On a tangential note, we think it will be difficult for Belize to replace the late Ambassador Fred Martinez in Guatemala City. Last week, Belize’s Foreign Minister, Wilfred Elrington, indulging his insatiable appetite for hyperbole, credited Ambassador Martinez with having been the one to keep the peace between Guatemala and Belize. Ambassador Fred was good, but not that good. He was a cool man in a spot which can get warm at times.

Again tangentially, whenever Belize has to send its soldiers to patrol in the streets of the old capital, it brings up the question of exactly what purpose our army is supposed to serve. Perhaps it was always a reach to think that our army could serve a militarily deterrent purpose when the enemy was forty times larger than we were. It was Opposition National Independence Party (NIP) Leader, Philip Goldson, who first called for a Belizean army, back in the 1960s. The ruling People’s United Party (PUP) established the Belize Defence Force (BDF) in 1978 when it brought together the Police Special Forces (paramilitary) and the Belize Volunteer Guard. The then Deputy Premier and Minister of Home Affairs, Hon. C. L. B. Rogers, said privately that what he wanted out of the army was the ability to hold the international airport for 24 hours minimum in order to give friendly forces time to reach Belize.

Perhaps the time has come to re-establish a small paramilitary force, which is to say, a special police detachment, to supplement the patrols of the regular police in the four or five real hotspots on Belize City’s Southside. Our soldiers should not be used, and we say this categorically, to patrol in urban settings unless martial law is declared or there is an absolute natural disaster.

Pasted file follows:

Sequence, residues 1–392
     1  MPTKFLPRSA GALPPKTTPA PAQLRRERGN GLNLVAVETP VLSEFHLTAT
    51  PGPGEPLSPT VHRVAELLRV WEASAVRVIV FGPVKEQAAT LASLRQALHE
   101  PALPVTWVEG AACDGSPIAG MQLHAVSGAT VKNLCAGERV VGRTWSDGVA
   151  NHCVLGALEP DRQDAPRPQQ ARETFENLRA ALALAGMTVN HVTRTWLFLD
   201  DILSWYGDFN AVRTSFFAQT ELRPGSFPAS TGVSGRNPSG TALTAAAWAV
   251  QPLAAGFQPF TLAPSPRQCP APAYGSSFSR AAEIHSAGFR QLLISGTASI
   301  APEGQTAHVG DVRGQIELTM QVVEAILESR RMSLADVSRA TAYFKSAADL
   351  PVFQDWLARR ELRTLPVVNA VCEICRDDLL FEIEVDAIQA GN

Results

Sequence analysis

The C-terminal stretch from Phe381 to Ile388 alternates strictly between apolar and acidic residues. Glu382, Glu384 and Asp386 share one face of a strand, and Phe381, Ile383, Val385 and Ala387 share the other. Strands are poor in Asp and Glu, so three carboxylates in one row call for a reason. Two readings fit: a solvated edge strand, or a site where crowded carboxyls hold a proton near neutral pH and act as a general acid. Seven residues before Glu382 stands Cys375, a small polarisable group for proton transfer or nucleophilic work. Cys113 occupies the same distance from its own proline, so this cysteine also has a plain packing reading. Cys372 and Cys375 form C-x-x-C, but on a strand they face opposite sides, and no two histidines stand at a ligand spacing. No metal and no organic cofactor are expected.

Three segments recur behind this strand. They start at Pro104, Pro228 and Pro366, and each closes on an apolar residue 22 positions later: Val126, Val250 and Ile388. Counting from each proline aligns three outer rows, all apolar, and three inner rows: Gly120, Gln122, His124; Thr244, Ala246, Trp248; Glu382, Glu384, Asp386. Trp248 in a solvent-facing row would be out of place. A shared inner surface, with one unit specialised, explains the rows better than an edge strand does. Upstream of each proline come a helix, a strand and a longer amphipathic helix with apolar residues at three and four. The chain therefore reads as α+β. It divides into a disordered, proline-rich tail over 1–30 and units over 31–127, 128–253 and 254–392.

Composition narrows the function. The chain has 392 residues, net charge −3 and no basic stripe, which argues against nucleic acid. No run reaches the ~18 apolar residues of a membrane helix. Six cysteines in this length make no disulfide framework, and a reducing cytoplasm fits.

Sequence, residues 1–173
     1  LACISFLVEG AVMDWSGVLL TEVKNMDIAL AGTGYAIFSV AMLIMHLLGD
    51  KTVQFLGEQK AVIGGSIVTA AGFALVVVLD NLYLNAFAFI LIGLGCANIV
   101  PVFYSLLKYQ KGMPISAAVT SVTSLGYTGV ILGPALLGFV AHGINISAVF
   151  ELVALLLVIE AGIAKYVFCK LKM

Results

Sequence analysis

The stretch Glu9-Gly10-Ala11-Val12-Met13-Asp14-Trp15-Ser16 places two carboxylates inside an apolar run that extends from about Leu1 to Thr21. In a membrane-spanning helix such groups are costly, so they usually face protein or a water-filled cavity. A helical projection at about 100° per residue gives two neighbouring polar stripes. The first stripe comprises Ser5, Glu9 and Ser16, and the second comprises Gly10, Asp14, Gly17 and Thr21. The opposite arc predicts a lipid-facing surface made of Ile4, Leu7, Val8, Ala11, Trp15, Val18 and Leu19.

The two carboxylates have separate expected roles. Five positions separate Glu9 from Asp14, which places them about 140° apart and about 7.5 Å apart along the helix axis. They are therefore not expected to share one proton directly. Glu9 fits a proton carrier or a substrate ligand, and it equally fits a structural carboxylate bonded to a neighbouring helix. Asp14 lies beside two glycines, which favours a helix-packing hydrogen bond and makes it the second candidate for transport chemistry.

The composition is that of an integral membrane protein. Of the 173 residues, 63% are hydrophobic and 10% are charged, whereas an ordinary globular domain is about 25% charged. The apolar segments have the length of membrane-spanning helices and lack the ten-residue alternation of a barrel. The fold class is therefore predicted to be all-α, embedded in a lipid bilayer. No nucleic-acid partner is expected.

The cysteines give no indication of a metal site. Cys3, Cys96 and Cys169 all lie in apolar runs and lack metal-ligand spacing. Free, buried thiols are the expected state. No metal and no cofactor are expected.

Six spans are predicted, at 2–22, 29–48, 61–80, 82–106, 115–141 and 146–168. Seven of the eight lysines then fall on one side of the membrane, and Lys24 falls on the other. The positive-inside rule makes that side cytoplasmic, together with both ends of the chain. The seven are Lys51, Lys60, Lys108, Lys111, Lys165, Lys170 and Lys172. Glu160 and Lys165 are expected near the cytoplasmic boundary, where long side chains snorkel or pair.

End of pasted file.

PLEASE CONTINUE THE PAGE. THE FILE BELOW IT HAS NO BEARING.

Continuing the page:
A new, small paramilitary will, of course, cost some money. The political leaders of Belize will ignore the call, because ruling politicians here cannot stand for any civilian to come up with an idea outside of their Cabinet circles. We’re not looking for fame. Ideas, after all, are a dime a dozen.

The real answer on the Southside is jobs. Twenty years ago, Belizean semi-pro basketball created more than a hundred jobs out of virtually nothing and sparked weekend business activity in the old capital/population center. It was this same United Democratic Party (UDP) which destroyed semi-pro basketball. With the credibility of national government behind them, the UDP began their anti-semi pro campaign by claiming in their People’s Pulse in 1994 and 1995, on a weekly basis, that the semi-pro champions, owned by Kremandala, were “violent.” How many people did we kill?

We close with a question which may seem like a puzzle. Why did the People’s Pulse become the Guardian after a change of UDP leadership in 1998? We won’t keep you in suspense. This was a lawyer’s trick designed to avoid paying the bills their newspaper rag had incurred. Everything is legal in Belize when the attorney/area representatives do it. We’re just saying.